‘MACBETH’

Alex Lasher

Taking Shakespeare’s famed literature and putting it in movie-friendly format is often a very tricky bridge to cross. The language is so iconic and well-known that it must be left largely unaltered, and some directors try too hard to put their own stamps on the famous stories. Director Justin Kurzel attempts his own take on the famed story of Scotland’s mad king and the king’s even more sinister wife in “Macbeth.”re-macbeth_poster-xlarge

Acting: Michael Fassbender and Marion Cotillard are tasked with bringing Scotland’s deranged royalty to the big screen, playing Macbeth and Lady Macbeth respectively. Both do a marvelous job of portraying these iconic characters. They don’t overshadow each other but allow their performances to play and build off of one another.

Fassbender is able to imbue Macbeth with a typically calm demeanor, all the while hinting at the growing insanity within him throughout the film, letting it build and build until it pours out in the famous “Tomorrow, and tomorrow, and tomorrow” monologue. This calm façade leaves the viewer feeling unsettled, for we know under that exterior is a violent insanity ready to be unleashed.

Cotillard, while soft-spoken, is able to show all of her character’s lust for power through the intensity of her eyes.  While both actors give great performances, they can be hard to understand at times, due to a combination of heavy accents and whispering of lines.

Cinematography:  “Macbeth” is an absolutely gorgeous film to watch. Filmed on location (so to speak) in Scotland, the film takes place in rolling green hills,

and the backdrops often feature gray, threatening skies. The look of each battle scene is grisly, with mud and blood flying through the air to give emphasis and style to the violence. The highlight of the film is, by far, the climactic fight between Macbeth and his rival Macduff. With Birnam Wood ablaze, the whole battle scene is hazy with smoke, with a setting sun glowing behind it, backlighting it all.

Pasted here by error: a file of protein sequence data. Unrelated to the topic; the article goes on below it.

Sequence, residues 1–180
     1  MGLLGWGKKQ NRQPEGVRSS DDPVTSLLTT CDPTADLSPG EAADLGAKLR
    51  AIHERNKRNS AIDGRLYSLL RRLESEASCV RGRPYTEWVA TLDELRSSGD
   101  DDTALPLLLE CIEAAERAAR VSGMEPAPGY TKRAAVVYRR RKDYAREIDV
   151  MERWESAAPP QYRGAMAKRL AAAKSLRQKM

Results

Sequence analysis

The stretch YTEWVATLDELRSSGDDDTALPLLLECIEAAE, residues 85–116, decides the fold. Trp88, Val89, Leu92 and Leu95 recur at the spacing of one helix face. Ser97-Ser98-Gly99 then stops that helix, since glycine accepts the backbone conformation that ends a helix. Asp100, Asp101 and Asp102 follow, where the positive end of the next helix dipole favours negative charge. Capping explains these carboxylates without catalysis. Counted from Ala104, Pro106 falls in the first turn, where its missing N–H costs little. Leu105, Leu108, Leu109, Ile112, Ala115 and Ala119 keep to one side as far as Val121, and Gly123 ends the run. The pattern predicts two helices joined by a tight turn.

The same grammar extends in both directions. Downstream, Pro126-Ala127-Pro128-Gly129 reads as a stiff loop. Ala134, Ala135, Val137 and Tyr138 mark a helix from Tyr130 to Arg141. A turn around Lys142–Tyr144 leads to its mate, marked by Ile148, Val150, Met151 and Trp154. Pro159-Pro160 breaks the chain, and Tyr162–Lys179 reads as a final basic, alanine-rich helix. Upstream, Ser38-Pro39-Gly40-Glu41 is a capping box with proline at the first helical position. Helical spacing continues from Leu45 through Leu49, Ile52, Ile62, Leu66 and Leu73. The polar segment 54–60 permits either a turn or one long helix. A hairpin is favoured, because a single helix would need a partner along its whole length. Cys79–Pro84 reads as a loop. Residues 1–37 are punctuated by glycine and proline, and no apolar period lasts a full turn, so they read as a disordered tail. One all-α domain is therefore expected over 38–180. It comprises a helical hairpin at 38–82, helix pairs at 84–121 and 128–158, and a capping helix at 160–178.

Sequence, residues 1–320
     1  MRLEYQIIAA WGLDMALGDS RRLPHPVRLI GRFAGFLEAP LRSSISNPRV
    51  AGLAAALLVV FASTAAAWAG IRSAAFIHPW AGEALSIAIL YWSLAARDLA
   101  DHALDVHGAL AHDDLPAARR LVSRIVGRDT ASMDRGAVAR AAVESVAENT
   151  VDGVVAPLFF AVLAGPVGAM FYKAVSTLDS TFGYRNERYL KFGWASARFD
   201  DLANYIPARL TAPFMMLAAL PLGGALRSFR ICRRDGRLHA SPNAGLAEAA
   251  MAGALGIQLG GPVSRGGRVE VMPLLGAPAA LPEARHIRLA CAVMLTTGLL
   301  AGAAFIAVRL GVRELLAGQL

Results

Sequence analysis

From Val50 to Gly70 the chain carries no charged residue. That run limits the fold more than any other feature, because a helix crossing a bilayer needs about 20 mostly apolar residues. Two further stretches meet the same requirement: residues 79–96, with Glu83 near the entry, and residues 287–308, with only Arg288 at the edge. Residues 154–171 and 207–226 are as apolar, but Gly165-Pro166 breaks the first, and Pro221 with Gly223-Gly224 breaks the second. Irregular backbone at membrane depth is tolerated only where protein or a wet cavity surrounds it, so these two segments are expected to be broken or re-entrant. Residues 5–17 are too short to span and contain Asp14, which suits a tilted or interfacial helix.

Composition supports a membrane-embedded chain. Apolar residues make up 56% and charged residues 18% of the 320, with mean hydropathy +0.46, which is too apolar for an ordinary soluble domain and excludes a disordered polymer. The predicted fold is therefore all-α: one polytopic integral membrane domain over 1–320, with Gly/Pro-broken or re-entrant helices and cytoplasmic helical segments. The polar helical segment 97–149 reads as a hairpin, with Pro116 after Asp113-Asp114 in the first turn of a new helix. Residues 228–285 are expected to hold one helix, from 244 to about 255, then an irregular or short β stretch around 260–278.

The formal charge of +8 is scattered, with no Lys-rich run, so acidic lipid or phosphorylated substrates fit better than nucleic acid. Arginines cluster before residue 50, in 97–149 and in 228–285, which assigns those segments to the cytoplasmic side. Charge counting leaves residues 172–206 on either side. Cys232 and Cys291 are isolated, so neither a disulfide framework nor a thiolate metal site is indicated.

This gives everything an orange-red cast as Macbeth and Macduff face off, lending an other-worldly feel to the conflict. This unique look adds so much to an already emotional and bloody climax for the film. Creating this unique look gave life to Shakespeare’s story in a way he probably
hadn’t imagined.

Accuracy: The biggest problem with past Shakespeare films is the filmmaker’s willingness—desire, even—to shy away from the source material.

Films such as “Romeo + Juliet” (1996), “Hamlet” (1990) and “King Lear” (1987) shy too far away from the source material and too far into creative interpretations. “Macbeth” does a great job of staying true to its playwright. The entire film is spoken in Shakespearean English, (which will turn some viewers off to the film) with Lady’s Macbeth “Out, damned spot” soliloquy and Macbeth’s “tomorrow” monologue playing out exactly as readers would imagine. While Kruzel makes a few minor changes throughout the film, most of them add a new perspective to the original story. Most importantly, Kruzel is able to capture the tone of the story. The whole film is unnerving as you watch the on-screen pair’s descent into madness.

Final Verdict: “Macbeth” is the rare book-to-screen film adaptation that stays true to its source material but adds to the story with its creative liberties. That being said, it is not a film for everyone. Shakespeare lovers, history buffs and fans of Fassbender and Cotillard will enjoy the film greatly. However, people not used to Shakespeare’s style will have a hard time understanding the movie.

“Macbeth” is a really good film, one high school students can expect to watch when studying Shakespeare in years to come.